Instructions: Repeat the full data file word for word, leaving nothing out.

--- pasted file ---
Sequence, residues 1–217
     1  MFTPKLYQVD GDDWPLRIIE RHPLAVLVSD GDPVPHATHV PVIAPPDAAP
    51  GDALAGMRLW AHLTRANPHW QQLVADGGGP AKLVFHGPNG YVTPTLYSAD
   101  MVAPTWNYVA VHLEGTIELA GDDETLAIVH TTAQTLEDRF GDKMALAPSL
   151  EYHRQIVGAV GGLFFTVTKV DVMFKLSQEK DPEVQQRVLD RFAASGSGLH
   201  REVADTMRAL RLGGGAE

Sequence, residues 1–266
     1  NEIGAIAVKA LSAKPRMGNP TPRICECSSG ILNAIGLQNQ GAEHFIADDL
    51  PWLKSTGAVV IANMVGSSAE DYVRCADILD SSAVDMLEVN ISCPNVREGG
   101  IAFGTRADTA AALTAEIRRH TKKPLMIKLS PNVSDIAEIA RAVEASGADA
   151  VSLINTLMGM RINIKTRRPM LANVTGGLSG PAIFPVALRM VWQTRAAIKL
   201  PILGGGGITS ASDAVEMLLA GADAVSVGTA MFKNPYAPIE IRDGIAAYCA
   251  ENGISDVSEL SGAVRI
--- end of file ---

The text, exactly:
Sequence, residues 1–217
     1  MFTPKLYQVD GDDWPLRIIE RHPLAVLVSD GDPVPHATHV PVIAPPDAAP
    51  GDALAGMRLW AHLTRANPHW QQLVADGGGP AKLVFHGPNG YVTPTLYSAD
   101  MVAPTWNYVA VHLEGTIELA GDDETLAIVH TTAQTLEDRF GDKMALAPSL
   151  EYHRQIVGAV GGLFFTVTKV DVMFKLSQEK DPEVQQRVLD RFAASGSGLH
   201  REVADTMRAL RLGGGAE

Sequence, residues 1–266
     1  NEIGAIAVKA LSAKPRMGNP TPRICECSSG ILNAIGLQNQ GAEHFIADDL
    51  PWLKSTGAVV IANMVGSSAE DYVRCADILD SSAVDMLEVN ISCPNVREGG
   101  IAFGTRADTA AALTAEIRRH TKKPLMIKLS PNVSDIAEIA RAVEASGADA
   151  VSLINTLMGM RINIKTRRPM LANVTGGLSG PAIFPVALRM VWQTRAAIKL
   201  PILGGGGITS ASDAVEMLLA GADAVSVGTA MFKNPYAPIE IRDGIAAYCA
   251  ENGISDVSEL SGAVRI